Relationship between histologic features of primary breast carcinomas and axillary lymph node micrometastases: Detection and prognostic significance
ABSTRACT The incidence and prognostic significance of micrometastases (Mic-Met) in axillary lymph nodes (LNs) is still controversial. We compared Mic-Met detection of invasive mammary carcinomas (IMCs) in axillary LNs using second review of hematoxylin and eosin (H&E)-stained slides and immunohistochemistry (IHC) relating them with features of the primary tumor, and determining their influence on overall survival (OS) and disease-free survival (DFS). We studied 188 cases of IMCs with no axillary metastases in the initial reports. The original H&E slides of LN were re-viewed and new sections were submitted for IHC using pancytokeratin (AE1/AE3). All primary breast tumors were re-viewed and classified according to Page et al (1998) and College of American Pathologists criteria (2000). Tumors were graded using the Nottingham grading system. Kaplan-Meier curves were used to evaluate OS and DFS of 147 patients. Mic-Met detection was correlated to histologic features of primary tumor (size, type, grade, lymphatic/blood vessel invasion). Mic-Met were detected in 26/188 cases (by IHC: 23/188, 12.2%; by H&E: 12/188, 6.4%). The re-view of H&E slides showed good specificity (98.2%), but low sensitivity (39.1%), when compared with IHC. There was no relationship between features of primary tumor and Mic-Met detection, including patients with lobular carcinomas or IMCs with lobular features. There was no statistical difference in OS and DFS of patients with and without Mic-Met, but patients with Mic-Met presented lower survival curves. In conclusion, there was no relationship between histologic features of primary tumor and presence of Mic-Met, nor between Mic-Met detection and patients survival.
[Show abstract] [Hide abstract]
ABSTRACT: Background and Purpose of the study Axillary lymph node status at the time of diagnosis remains one of the most important prognostic factors in women with breast cancer. Sentinel lymph node biopsy (SLNB) proved to be a reliable method for the evaluation of axillary nodal status in early-stage invasive breast cancer. The prognostic value and potential therapeutic consequences of SLN micrometastases remains a matter of great debate. Patients and Methods From January 1998 to March 2011, 1,976 consecutive patients with non-metastatic invasive breast cancer underwent surgical treatment; 1,080 of them (54.6%) underwent SLNB. We collected data regarding demography, preoperative lymphoscintigraphy, type of surgery, histopathologic and immunohistochemical features and adjuvant treatment. Main findings A mean number of 2.1±1.4 (range 1–13) SLN per patient were collected, a total of 2,294 nodes. SLNs were macrometastatic in 16.7% of patients and micrometastatic in 3.3%. Among the patients with positive SLN 93.6% underwent complete ALND. The overall survival (OS) and disease-free survival (DFS) of 72 patients with micrometastases in SLN at 60 months was 100%, similar to patients with negative SLN (98.7%), quite different from the DFS of N1–N3 patients (85.8%). Statistically significant differences in OS and DFS were observed between patients with N1mi and the group with N1–N3 sentinel node (p < 0.001 and p = 0.04) and also between patients with negative SLN and those with macrometastatic SLN (p < 0.001 for both). Conclusion SLN micrometastases could represents an epiphenomenon of peritumoral lymphovascular invasion which impacts independently on the survival of patients with invasive breast cancer.International Journal of Surgery (London, England) 12/2013; 11:S73–S78. DOI:10.1016/S1743-9191(13)60022-9 · 1.65 Impact Factor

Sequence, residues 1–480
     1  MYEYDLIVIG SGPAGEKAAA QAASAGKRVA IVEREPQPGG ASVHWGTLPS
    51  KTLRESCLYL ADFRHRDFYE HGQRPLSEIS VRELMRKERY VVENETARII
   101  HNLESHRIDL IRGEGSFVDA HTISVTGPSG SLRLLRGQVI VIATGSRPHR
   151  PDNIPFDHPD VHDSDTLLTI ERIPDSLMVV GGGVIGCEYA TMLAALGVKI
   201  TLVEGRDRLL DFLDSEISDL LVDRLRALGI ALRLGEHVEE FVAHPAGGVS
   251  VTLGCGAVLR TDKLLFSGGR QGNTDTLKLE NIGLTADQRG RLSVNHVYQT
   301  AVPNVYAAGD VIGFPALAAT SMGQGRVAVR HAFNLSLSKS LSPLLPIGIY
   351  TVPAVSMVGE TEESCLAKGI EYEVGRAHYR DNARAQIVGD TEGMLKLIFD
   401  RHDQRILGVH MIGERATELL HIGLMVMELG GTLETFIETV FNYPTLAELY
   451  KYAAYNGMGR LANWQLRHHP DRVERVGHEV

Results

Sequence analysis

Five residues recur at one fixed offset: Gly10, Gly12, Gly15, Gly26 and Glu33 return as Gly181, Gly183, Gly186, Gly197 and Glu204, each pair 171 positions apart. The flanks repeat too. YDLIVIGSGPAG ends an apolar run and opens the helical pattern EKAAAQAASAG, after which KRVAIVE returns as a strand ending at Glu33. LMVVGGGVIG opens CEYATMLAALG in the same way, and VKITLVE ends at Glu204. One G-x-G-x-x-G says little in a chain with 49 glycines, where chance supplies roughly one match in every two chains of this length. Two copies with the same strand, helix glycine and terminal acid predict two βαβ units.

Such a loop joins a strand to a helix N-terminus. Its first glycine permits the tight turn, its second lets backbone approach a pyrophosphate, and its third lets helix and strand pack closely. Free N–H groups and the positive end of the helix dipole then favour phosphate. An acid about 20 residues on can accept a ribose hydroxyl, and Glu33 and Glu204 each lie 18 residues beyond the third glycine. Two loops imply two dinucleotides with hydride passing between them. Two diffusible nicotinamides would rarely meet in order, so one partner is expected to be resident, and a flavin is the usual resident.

[Show abstract] [Hide abstract]
ABSTRACT: Background: The histological detection of axillary lymph node tumor metastases in cases of breast carcinoma is of major prognostic significance, but may be difficult when metastases are of microscopic size. The micrometastases can be detected either by immunohistochemistry (IHC) or serial sectioning. Aims: We investigated whether immunohistochemical techniques and serial sectioning can increase the accuracy of metastatic detection and compared the efficacy of both. Materials and Methods: Thirty cases of breast carcinoma were studied in all of whom the axillary lymph nodes had been reported as free of metastases. Blocks from these cases were serially sectioned and stained with hematoxylin and eosin and a single section was stained with monoclonal antibody to cytokeratin AE1/AE3 and epithelial membrane antigen. The positivity for micrometastases was correlated with size, number, grade and histological type of primary tumor, lymph node size and number. Results and Conclusion: In 5/30 previously unsuspected cases, micrometastases were revealed by IHC and in 1/30 by serial sectioning. These findings suggested that serial sectioning is a labor intensive, time consuming and impractical procedure. Micrometastases were more frequently detected with age of patient >50 years, Grade 2/3 tumor, tumor size >5 cm and more than one primary tumor. Immunohistochemical analysis can be recommended as a routine procedure or an adjunct to routine histological procedures for the correct staging of breast carcinoma and use of adjuvant chemotherapy, especially in the high risk group.Indian Journal of Cancer 07/2014; 51(3):267-271. DOI:10.4103/0019-509X.146774 · 1.13 Impact Factor
Jornal Brasileiro de Patologia e Medicina Laboratorial 01/2009; 45(3). DOI:10.1590/S1676-24442009000300006